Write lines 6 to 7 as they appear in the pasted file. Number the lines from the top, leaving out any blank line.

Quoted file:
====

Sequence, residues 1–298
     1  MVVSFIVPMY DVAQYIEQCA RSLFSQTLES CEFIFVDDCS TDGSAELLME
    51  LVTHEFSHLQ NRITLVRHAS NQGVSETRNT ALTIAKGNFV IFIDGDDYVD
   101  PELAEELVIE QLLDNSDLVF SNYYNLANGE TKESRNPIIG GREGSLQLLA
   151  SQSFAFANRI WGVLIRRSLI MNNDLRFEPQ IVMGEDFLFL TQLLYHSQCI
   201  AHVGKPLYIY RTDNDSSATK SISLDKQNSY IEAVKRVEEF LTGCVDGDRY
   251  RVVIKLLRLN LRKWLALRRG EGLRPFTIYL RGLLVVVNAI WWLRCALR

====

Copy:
   201  AHVGKPLYIY RTDNDSSATK SISLDKQNSY IEAVKRVEEF LTGCVDGDRY
   251  RVVIKLLRLN LRKWLALRRG EGLRPFTIYL RGLLVVVNAI WWLRCALR